The Vera Institute of Justice is a private, nonprofit organization dedicated to advancing safety and justice, promoting fair and efficient policy and practice, and working with leaders of government and civil society to improve the systems people rely upon for safety, security, and justice. Vera is a founding member of the Altus Global Alliance.


Barbara Parker’s Lecture at Vera [Audio and presentation slides available]

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As part of Vera’s Speaking of Justice Series, Dr. Barbara Parker from the University of Virginia School of Nursing presented the preliminary findings from her team’s qualitative research gathered from extensive interviews with adults who, as children, lost one or both parents to a fatal act of domestic violence homicide or homicide/suicide. The audio and presentation slides are now available to listen and download at:


For more information on this issue contact Nancy Cline at (212) 376-3041 or by email at ncline@vera.org.

The Vera Institute of Justice’s Speaking of Justice Series explores issues of justice and fairness through ongoing discussions with some of the most thoughtful and knowledgeable government officials, scholars, and nonprofit leaders from around the country. The series is funded through a gift by the Lucille Lortel Foundation.


Faith Based Leaders to Host Special Interfaith Symposium March 24-25 in Portland March 12, 2007

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The Seattle group NICO (Northwest Interfaith Community Outreach) is co-hosting an Interfaith Convocation at the Madeleine in Portland on March 24-25. The attached flyer gives a few more details about the gathering, called “In the Beginning”.

In brief:

NICO is co-hosting a weekend gathering for the Portland community designed to deepen individual spiritual awareness and connect that awareness with a commitment for social/political/environmental justice. This will be an interfaith event drawing on the wisdom of sacred texts of Jewish, Christian, and Muslim traditions. The community is invited to come together on March 24-25 to look into the heart of the Abrahamic traditions and the New Universe Story, searching for the common themes that guide our lives. We will explore the context of our faith traditions and celebrate the unity of spirit through acts of compassion and justice. Attendees will be re-acquainted with their own tradition’s creation stories, will discover common threads in the creation stories, and will experience the convergence of science and spirituality in the New Universe Story. The event is co-sponsored by the Interfaith Network for Earth Concerns (a program of Ecumenical Ministries of Oregon), the Islamic Society of Greater Portland, Bilal Mosque, and NICO. Presenters include Rabbi Ted Falcom, Ph.D., Paul Fitterer, SJ; Muslim Sufi Minister Jamal Rahman, and Alexandra Kovats, CSJP, Ph.D.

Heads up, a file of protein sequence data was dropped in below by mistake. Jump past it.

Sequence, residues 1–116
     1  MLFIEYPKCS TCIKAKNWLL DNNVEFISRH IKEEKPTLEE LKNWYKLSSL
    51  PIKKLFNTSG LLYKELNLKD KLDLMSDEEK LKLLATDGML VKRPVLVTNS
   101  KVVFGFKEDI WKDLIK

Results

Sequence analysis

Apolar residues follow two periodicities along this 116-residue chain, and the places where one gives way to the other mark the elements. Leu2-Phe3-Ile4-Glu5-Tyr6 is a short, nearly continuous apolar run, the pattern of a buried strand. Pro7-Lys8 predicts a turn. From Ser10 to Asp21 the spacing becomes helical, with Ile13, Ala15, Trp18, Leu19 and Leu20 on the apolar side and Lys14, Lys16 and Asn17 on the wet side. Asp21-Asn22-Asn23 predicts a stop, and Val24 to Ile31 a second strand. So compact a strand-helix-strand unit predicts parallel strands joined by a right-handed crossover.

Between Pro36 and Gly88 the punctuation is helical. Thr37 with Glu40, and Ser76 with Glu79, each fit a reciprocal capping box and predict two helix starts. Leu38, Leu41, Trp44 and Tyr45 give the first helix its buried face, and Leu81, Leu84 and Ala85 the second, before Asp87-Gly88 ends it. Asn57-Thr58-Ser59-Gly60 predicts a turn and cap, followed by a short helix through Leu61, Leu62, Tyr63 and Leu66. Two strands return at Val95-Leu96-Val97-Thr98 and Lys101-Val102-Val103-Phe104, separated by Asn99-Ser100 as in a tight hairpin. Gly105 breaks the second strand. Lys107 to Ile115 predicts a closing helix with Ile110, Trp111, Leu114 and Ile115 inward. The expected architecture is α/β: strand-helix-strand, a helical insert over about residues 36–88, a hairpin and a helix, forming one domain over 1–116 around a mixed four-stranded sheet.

Address/Registration Info: The Madeleine Church, 3123 NE 24th Ave., Portland, 97212; $65. Make your reservation by contacting John Hale, 425-865-0659 or jehale@earthlink.net.


Tennessee Considers Innocence Commission

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Tennessee introduced legislation in February that would create an innocence commission to review wrongful convictions and recommend systemic reforms preventing them in the future. The “Tennessee Innocence Commission Act of 2007 (HB1333/SB538)” is currently being reviewed by both the state House and Senate Judiciary Committees.

Noting that “a number of people across the country have been exonerated and released after serving several years in prison,” the bill creates a nine-member innocence commission with the ability to issue subpoenas and administer oaths in the investigation of wrongful convictions. The bill also notes that exonerations in a number of states have resulted in unbiased review of state criminal justice systems and “recommendations for significant reforms,” but that Tennessee has not undertaken such a review.

The innocence commission would be comprised of members appointed by Tennessee officials and would include a law enforcement officer, a prosecutor and a public defender. Each member would serve a two year term and the chair of the commission would be appointed by the Governor. In addition to reviewing cases, the commission would be required to submit an annual report of finding and recommendations for reform, including possible legislation to prevent future wrongful convictions.

Clark McMillan was exonerated in 2002 after spending 22 years in a Tennessee prison for a crime he did not commit. His wrongful conviction was largely a result of a mistaken eyewitness identification.